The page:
• CSM Centralized Freight Station List?

  • General discussion about railroad operations, related facilities, maps, and other resources.
General discussion about railroad operations, related facilities, maps, and other resources.

Moderator: Robert Paniagua

  by Cowford
Railinc is a subsidiary of the Association of American Railroads (AAR) and acts as the information clearing house for the railroads... an easy way to look at it is that they act as a data warehouse for most data that railroads have to share with each other for operations and accounting purposes. It's safe to say the user guide is for a tool that allows users to access/maintain/cross-reference station data. This data would not include "siding" data, per se... it won't tell you siding lengths... or even if the station is a sign in the woods or a major hump yard. Railroads maintain a variety of codes for each station, including standard point location code (SPLC) number (used for geographic location purposes); freight station accounting code (FSAC), used for local billing (I believe) and interline settlement issues between carriers; open and prepay station list (OPSL), used to identify station and associated rail service. (I believe the OPSL code serves as the basis for railroad-issued service embargoes.) Each railroad maintains their own codes and specific characteristics associated with each station code.

This information is proprietary to paying users, i.e., the railroads... but it's just as well: I can't see any of the information provided would be of use- or of interest- to the trainspotter.
  by FormD
Yes I am familar with Open and Prepay List. The problem is getting a list of active sidings. Since Conrail pulled many siding from small buisnesses and told them to ship by intermodal finding whats left can be tough. Perhaps this is the tool. For planners like below the problem can be a federal issue-
Transportation Center Seminar Series presents…..
Amelia Regan
Professor of Computer Science
Bren School of Information & Computer Sciences
University of California, Irvine
Freight Data Availability, Gaps and
Thursday, Sept. 17, 2009
3:00 – 4:00 pm
Refreshments will be available at 2:30 pm
Transportation Center –Lower level
Northwestern University
Chambers Hall - 600 Foster
Evanston, IL
Despite the recent economic downturn, which has taken much of the immediate pressure off the freight
transportation system in the US and internationally, freight movements are an important component of
our transportation system. In regions like the LA basin, Chicago and NY/NJ, freight transportation, both
on rail and roads (and to a lesser extent, in the air) heavily impacts the passenger transportation system.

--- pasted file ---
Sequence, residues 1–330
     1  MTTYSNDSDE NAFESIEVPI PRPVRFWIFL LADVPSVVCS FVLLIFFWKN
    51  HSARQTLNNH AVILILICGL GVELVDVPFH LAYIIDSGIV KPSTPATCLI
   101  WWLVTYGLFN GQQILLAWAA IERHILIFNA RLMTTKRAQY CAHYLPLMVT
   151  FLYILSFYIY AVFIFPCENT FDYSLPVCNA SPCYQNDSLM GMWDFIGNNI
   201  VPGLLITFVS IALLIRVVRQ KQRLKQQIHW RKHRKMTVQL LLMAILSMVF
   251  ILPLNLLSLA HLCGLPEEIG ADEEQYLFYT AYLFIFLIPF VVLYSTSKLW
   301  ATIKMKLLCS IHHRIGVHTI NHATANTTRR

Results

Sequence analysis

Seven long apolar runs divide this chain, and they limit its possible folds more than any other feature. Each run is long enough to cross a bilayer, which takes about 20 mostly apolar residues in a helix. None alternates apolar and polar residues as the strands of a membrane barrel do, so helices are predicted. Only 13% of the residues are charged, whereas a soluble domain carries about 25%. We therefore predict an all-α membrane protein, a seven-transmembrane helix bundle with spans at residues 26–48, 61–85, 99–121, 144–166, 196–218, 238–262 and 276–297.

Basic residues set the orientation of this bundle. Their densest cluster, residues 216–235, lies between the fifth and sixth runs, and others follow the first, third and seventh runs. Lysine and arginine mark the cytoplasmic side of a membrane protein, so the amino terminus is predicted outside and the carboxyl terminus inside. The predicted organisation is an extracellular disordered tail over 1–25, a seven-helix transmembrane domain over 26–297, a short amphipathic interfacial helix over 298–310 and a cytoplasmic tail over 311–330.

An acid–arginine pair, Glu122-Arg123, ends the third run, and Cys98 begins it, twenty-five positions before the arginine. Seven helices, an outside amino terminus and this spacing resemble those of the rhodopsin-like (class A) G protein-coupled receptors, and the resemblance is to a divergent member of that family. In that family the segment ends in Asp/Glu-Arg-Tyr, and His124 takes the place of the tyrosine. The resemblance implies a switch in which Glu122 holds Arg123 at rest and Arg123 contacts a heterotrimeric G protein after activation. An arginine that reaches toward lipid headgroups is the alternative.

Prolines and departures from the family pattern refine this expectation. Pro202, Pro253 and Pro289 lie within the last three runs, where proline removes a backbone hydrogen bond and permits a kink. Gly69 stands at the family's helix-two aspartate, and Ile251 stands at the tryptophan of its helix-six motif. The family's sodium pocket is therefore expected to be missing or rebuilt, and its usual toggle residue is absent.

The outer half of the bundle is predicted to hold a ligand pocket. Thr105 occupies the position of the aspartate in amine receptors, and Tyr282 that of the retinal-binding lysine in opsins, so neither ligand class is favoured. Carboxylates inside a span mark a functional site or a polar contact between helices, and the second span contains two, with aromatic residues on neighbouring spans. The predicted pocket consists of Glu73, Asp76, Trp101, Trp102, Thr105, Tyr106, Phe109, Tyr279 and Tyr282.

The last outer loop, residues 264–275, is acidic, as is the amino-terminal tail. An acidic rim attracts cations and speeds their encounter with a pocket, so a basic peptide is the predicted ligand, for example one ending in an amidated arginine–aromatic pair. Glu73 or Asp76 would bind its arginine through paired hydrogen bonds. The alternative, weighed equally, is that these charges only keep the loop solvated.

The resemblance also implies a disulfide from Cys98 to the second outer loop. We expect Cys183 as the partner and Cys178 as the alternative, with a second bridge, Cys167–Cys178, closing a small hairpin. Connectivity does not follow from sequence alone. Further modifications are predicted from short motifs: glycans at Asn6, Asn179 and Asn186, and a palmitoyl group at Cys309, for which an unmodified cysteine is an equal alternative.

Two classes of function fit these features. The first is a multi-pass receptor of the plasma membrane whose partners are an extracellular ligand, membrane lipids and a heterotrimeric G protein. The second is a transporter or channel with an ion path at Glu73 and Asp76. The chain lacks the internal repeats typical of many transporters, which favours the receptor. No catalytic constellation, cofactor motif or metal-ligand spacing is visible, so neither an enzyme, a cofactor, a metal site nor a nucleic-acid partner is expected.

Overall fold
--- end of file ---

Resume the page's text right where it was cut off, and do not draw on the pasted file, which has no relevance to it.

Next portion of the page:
Understanding the freight system is a key issue for transportation policy makers and planners. However,
data on freight movements remains incomplete and inaccurate. In my talk I will review major freight
data sources and their strengths as well as discussing weaknesses and gaps. I will then discuss promising
avenues for filling these gaps and correcting data errors.
Amelia C. Regan, is a Professor in computer science at UCI’s Donald Bren School of Information and
Computer Science. Dr. Regan's primary interests lie in algorithm development for large scale network
optimization problems. Applications are optimal contracting, long term investment decisions,
transportation logistics, freight and fleet management, and intermodal transportation systems. She
specializes in freight network modeling and in particular, applications of information technology to
freight and fleet management. She received a doctorate in civil engineering from the University of Texas.
She joined UCI in 1997. Dr. Regan was the inaugural recipient of the UCI Academic Senate’s
Distinguished Mid‐Career Faculty Award for Service
  by Cowford
I'd say that seminar is to discuss gaps in freight data from the perspectives of origin/destination / geographic lanes, commodity, and volume. Railroad data is relatively easy to mine, but truck data is much more perplexing. Getting a count of individual spur tracks, loading/unloading capacity, active status, etc. is, in itself, not very useful for the transportation planner. The end game is piece together aggregated traffic flows and trends to better understand capacity issues. In other words, planners are more interested in knowing how many tons of X, Y, and Z moved between, say, New Hampshire and Mid-Altantic states, than how many industrial spurs there are in Merrimack, NH.